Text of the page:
Warren, Ohio: National American Suffrage Association, [n.d., 1900-1910]. First edition of this tract that spotlights illiteracy among children and encourages women to become politically active to remedy the poor educational standards in the United States. Date inferred from the reference to 1900 census data in the text (but not 1910 census data). A near fine copy of a scarce,fragile item. Single buff paper sheet folded in half. Minor toning. 3 in. x 6 in.  pp. Item #17078
Florence Kelley (1859 – 1932) was a lawyer, labor rights activist, and feminist who served as the vice president of the National American Women’s Suffrage Association and helped organize the NAACP. The present item focuses on how a lack of education pushed children into exploitative, dangerous labor, and that mandatory education laws were essential to children’s quality of life. Kelley’s arguments are based on her own experience in enacting minimum wage laws, reforming factory working conditions, establishing the ten-hour workday, and founding the anti-child labor National Labor Committee. She also served as the Chief Factory Inspector for the state of Illinois — the first woman to hold the position — and as head of the National Consumers League. Her ardent allyship with Black workers led her to help establish the NAACP.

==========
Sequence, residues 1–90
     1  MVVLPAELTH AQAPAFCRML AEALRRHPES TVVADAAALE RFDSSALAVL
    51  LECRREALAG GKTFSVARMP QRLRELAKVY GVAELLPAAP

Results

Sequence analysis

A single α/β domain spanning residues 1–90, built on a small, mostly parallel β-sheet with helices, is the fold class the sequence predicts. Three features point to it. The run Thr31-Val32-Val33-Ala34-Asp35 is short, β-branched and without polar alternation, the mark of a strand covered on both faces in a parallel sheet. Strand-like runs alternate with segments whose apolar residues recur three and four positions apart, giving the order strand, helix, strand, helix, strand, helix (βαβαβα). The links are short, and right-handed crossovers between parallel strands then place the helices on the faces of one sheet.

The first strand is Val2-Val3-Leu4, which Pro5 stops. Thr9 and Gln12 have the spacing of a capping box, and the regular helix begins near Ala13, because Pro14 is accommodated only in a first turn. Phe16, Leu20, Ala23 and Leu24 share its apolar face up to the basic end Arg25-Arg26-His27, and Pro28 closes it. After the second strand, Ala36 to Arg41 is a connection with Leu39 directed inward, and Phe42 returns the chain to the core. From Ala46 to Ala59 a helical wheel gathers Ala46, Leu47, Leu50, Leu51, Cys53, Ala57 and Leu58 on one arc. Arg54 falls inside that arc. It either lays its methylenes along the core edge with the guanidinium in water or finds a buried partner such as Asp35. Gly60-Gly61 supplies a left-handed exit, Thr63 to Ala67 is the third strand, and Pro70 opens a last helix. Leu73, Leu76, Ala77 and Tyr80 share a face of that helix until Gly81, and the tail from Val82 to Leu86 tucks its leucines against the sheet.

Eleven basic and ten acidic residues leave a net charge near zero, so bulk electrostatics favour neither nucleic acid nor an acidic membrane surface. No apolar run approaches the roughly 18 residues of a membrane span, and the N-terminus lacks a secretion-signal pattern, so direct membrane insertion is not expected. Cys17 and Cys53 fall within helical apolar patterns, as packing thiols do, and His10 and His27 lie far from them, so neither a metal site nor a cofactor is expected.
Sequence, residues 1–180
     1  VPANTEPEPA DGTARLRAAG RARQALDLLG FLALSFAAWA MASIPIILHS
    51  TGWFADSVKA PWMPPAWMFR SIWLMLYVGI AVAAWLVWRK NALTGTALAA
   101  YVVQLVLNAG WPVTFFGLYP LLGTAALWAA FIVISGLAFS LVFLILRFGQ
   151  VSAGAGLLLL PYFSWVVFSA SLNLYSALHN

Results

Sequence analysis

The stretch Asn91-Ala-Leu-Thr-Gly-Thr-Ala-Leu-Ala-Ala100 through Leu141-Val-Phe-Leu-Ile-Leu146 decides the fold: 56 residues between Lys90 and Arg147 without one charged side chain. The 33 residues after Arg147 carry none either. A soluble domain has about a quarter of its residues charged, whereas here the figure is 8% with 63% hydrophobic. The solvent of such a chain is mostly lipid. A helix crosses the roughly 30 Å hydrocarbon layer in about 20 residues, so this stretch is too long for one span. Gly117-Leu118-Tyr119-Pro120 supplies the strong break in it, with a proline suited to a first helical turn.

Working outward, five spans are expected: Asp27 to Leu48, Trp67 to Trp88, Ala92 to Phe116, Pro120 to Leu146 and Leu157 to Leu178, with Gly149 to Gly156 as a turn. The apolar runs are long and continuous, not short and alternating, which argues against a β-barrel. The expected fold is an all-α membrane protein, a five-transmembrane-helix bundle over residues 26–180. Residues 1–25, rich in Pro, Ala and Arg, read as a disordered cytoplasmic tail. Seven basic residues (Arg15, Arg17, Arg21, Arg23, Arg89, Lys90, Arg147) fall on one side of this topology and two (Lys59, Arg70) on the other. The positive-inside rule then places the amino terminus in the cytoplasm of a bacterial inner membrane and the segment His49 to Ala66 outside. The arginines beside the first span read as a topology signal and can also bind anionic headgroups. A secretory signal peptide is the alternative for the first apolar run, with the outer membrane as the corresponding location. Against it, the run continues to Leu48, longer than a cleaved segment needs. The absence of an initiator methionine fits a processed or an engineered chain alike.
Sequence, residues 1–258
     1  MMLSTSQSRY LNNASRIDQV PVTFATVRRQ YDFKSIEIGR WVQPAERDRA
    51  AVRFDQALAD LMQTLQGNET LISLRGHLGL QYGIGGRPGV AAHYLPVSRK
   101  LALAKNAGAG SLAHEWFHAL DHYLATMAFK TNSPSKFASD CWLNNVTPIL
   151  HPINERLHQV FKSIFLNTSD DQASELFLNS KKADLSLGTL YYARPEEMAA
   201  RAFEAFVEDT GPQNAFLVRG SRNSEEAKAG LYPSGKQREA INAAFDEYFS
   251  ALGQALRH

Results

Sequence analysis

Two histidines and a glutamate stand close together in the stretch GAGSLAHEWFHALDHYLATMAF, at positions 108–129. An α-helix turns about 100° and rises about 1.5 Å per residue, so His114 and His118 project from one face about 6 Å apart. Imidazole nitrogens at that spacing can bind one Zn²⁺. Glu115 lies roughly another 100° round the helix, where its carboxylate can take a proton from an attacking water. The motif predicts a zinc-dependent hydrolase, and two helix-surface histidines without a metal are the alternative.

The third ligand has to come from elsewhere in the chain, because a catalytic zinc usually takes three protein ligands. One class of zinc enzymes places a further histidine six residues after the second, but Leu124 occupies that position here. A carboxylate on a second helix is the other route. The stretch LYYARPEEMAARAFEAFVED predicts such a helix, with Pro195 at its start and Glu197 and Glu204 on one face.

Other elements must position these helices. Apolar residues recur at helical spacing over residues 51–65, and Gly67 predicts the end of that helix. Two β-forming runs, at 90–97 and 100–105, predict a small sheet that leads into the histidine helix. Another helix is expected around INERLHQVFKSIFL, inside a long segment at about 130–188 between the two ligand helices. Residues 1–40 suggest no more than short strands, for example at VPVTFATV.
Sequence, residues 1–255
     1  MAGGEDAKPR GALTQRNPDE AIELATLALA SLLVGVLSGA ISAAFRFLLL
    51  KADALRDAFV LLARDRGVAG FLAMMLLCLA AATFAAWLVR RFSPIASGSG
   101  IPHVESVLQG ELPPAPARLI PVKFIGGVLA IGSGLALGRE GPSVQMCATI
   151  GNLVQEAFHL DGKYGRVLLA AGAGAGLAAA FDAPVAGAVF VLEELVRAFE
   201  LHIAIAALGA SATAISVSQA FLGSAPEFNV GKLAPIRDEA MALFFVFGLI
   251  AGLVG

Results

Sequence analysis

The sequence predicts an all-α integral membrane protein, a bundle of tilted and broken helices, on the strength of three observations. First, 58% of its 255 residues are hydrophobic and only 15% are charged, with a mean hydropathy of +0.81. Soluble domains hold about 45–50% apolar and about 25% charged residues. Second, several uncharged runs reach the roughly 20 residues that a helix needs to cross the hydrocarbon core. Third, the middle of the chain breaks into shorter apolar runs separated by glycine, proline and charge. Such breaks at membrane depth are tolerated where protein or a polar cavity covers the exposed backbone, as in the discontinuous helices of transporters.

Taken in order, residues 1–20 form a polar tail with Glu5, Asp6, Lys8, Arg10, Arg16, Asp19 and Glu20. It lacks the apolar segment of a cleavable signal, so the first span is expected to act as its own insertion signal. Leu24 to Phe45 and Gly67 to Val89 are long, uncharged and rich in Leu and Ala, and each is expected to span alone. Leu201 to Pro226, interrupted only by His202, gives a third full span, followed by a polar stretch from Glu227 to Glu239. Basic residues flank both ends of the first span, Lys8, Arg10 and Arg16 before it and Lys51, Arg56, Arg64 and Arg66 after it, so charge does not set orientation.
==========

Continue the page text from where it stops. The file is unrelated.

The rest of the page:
OCLC records only three physical copies (NYPL, University of Virginia, Wisconsin Historical Society) and many digital and microform copies.